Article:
On May 15, 1868, a last uprise of adherents of the old shogunate order was turned down in the bloody battle of Ueno, the site of the park with the same name in Tokyo. Two thousand men loyal to the Tokugawa shogunate were gunned down by imperial troops under the leadership of Saigo Takamori.

The emperor held no real power, but he should become the flagship symbol of the new era. The actual power was exercised by a few noblemen and samurai from the Southern provinces of Satsuma and Choshu like Saigo Takamori and Okubo Toshimichi. These men were called the oligarchs. They secluded the young emperor from any outside influences and from the public. During the first years all decrees of the government were signed by the emperor and propagated to the public as the emperor's will.

Only in later years, the emperor gained more freedom and began to travel all over Japan on official visits. But that happened at a time when the system of Meiji government was firmly established and when the country and the public were unified under a new Japanese nationalism.

Abolishment of Samurai Privileges

Although the fight against the old order of the Tokugawa shogunate had been led with the battle cry sonno joi, meaning something like "respect the emperor and expel the barbarians", the advocats of strict reforms after Western models soon got the upper hand. The new Meiji era marked the beginning of an extremely ambitious program of reforms in all areas of the Japanese society. Japan catapulted itself from a feudal state to a modern, powerful Asian nation shaped after Western models.

The driving force behind this process of modernization was Okubo Toshimichi. He and Saigo Takamori came both from Satsuma and had been close friends in the beginning. And also Toshimichi was the son of a samurai of lower ranks.

It was clear that something like the medieval class structure and customs of samurai and local aristocratic leaders could not be tolerated any longer under the new leadership. In 1871 far-reaching reforms had been introduced, which in practice abolished the class of the samurai and expropriated the once so powerful daimyo, the aristocratic regional leaders.

In January of 1872 the Japanese government had announced its intention to establish a national Japanese army of conscripts after Western patterns.

Saigo Takamori had supported the reforms in the beginning. But when the privileges of his own samurai class were abandoned, his conservative character was in conflict between the loyalty towards his country on one hand and towards his own class on the other hand.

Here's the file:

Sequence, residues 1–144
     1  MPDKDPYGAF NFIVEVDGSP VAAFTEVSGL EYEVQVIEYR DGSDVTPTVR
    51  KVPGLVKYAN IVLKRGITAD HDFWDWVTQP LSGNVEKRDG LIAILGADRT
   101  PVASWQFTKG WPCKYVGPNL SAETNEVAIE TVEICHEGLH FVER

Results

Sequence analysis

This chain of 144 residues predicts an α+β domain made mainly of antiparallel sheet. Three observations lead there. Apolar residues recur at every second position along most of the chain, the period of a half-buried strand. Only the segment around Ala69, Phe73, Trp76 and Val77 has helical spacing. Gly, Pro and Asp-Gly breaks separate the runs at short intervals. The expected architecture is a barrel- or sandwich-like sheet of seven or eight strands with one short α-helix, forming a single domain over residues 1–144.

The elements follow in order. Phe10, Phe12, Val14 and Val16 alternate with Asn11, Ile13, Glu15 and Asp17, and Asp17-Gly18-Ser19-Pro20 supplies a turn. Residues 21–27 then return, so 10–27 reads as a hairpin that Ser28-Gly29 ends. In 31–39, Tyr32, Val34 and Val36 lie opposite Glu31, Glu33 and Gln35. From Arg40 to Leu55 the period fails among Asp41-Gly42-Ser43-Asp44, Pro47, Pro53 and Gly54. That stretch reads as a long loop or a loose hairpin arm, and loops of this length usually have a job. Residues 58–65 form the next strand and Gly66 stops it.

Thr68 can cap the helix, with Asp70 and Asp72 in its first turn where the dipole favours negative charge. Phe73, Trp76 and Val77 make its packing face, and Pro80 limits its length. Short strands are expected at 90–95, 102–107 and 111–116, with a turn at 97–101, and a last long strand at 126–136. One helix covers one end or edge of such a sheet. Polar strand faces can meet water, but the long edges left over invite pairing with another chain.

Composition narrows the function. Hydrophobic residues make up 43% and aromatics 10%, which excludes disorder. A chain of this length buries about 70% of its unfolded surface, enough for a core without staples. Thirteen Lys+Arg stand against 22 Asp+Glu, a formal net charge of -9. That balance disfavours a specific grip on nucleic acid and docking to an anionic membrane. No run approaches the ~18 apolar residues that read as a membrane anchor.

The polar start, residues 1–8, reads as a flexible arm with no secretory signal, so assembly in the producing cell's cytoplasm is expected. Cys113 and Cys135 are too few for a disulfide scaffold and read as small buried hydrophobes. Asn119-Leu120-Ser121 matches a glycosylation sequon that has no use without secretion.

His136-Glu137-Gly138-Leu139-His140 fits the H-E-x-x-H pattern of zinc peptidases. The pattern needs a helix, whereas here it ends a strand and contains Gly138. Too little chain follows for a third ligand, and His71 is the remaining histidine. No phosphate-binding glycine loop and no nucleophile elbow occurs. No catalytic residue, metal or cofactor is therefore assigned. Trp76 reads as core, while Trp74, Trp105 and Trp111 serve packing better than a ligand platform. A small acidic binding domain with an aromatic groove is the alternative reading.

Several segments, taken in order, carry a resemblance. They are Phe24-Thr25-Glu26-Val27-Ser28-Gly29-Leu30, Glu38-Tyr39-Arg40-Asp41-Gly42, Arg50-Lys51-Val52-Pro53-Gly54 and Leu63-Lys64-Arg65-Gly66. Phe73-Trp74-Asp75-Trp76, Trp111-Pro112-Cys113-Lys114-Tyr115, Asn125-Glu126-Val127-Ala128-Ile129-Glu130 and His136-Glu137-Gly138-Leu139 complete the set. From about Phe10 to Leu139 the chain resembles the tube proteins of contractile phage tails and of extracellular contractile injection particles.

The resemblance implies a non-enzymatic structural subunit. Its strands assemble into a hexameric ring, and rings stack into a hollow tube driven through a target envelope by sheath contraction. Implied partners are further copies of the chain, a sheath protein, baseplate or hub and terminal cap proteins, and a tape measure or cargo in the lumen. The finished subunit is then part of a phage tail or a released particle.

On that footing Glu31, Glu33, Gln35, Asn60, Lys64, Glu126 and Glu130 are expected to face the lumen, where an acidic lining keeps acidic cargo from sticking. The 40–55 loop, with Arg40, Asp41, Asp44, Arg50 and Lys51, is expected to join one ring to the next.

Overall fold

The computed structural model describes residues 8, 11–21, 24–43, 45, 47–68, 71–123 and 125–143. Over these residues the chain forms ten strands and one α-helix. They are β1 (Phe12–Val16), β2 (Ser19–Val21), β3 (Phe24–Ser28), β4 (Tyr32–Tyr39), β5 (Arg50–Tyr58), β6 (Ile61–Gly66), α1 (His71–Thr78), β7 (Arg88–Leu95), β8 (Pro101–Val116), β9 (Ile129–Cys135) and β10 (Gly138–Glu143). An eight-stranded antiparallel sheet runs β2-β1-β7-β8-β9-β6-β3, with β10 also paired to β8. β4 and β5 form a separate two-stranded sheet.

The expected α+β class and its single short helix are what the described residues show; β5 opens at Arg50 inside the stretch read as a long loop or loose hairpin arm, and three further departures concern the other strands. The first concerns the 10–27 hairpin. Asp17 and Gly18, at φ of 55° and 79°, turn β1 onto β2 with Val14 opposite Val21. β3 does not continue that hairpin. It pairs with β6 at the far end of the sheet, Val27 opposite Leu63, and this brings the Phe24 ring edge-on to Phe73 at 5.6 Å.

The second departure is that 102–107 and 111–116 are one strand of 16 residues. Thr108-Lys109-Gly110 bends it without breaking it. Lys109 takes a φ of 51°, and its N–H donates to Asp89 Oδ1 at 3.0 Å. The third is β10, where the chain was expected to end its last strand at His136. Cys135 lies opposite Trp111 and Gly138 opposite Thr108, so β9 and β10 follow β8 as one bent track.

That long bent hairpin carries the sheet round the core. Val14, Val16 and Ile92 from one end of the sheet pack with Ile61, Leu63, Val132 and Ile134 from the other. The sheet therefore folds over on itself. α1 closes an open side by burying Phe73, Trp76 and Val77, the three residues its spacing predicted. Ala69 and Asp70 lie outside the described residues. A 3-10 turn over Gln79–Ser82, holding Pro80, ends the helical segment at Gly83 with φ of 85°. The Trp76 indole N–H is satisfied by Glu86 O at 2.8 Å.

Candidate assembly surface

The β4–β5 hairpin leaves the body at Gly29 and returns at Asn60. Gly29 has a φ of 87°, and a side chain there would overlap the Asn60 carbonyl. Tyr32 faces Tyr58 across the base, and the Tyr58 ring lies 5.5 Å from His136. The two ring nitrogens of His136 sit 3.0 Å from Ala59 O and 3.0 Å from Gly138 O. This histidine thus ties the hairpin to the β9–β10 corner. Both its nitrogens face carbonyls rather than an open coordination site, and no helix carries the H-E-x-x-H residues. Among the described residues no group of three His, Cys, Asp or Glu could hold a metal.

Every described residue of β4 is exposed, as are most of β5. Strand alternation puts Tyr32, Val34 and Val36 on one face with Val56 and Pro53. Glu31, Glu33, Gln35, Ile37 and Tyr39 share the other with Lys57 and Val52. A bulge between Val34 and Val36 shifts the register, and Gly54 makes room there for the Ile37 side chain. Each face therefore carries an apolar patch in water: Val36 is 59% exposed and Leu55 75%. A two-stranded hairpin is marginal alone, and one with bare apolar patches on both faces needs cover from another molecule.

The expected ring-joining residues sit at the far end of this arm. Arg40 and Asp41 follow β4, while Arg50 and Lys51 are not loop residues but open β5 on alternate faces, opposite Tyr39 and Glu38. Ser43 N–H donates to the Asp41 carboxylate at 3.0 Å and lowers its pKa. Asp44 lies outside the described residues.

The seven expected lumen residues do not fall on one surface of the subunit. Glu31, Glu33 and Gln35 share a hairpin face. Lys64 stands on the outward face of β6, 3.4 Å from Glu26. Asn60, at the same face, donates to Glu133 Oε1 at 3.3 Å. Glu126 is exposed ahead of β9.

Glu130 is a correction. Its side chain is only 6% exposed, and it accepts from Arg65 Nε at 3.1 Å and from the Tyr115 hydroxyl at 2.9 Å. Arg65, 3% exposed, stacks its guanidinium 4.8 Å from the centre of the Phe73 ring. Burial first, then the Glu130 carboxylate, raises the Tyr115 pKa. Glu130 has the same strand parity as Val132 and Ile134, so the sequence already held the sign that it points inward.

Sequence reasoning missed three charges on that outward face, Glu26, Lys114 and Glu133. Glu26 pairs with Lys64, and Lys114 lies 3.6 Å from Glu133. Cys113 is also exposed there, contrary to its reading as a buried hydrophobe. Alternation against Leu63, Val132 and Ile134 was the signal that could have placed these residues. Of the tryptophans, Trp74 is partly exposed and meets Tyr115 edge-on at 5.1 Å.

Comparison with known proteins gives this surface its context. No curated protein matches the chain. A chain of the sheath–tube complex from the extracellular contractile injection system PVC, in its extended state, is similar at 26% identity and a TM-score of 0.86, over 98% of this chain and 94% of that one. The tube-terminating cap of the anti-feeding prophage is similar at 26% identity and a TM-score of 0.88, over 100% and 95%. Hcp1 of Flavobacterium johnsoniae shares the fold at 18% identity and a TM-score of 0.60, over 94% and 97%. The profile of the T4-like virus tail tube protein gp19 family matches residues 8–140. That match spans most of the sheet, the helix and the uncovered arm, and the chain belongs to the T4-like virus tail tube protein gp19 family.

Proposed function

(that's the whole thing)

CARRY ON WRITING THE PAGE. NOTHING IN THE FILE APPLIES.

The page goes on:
Another bone of contention between Saigo and the majority of the Meiji government was the Korean issue. Takamori was a strong advocat of a swift invasion of Korea. The majority was against - not so much for ethical reasons. But they considered such a move as premature, too risky and were afraid of intervention by the Western powers. This discussion sheds an interesting light on the developments that unfolded twenty years later, when a nationalistic Japan invaded and occupied Korea in the Sino-Japanese war of 1894/95.



Well-Known Member
Last Samurai...part 2:

The Satsuma Rebellion of 1877

The Final Battle, from a triptychby Toshinobu Yamazaki
In the beginning of the Meiji government, many samurai found an employment in the imperial forces. The new conscript army must have been rather unattractive for the samurai. Thus the samurai class not only lost all privileges, but many saw themselves deprived of any possibilities to make a living and maintain themselves and their families.

As a consequence local riots broke out like in Saga in Kyushu province in 1874. The central government could not tolerate any losses of power or establishments of independant, regional war lords and crushed these riots swiftly by sending the newly formed national army into the region to restore law and order.

Wearing swords was forbidden in 1876 with the exception of ceremonial events. Overall a reasonable and appropriate decision. But it upset the majority of the samurai.

In 1876 Saigo Takamori resigned from his government post and went back to Kagoshima. He founded a local military school and dissatisfied samurai gathered around him in large numbers.

The central government watched the open build-up of a regional, political and military force in Satsuma with great concern. In late 1876 it came to an open conflict when samurai rebels raided and occupied ammunition and weapon depots of the central government.

The samurai rebels urged and proclaimed Saigo Takamori as their leader. According to most historians, he was surprised by the swift escalation of the situation and only reluctantly took the leadership of the rebellion. Half-hearted or not, Saigo organized the military rebellion and put together an army of roughly 25,000 men that later may have grown in size, when more samurai volunteers rushed to the rebel forces.

Saigo had the original intention to march with his army towards Tokyo. His first military charge was the siege of the imperial garrison in the castle of Kumamoto. That was probably a decisive military mistake. While Saigo's army was bound by the siege, the government gained additional time to deploy troops and bring military supplies to the South.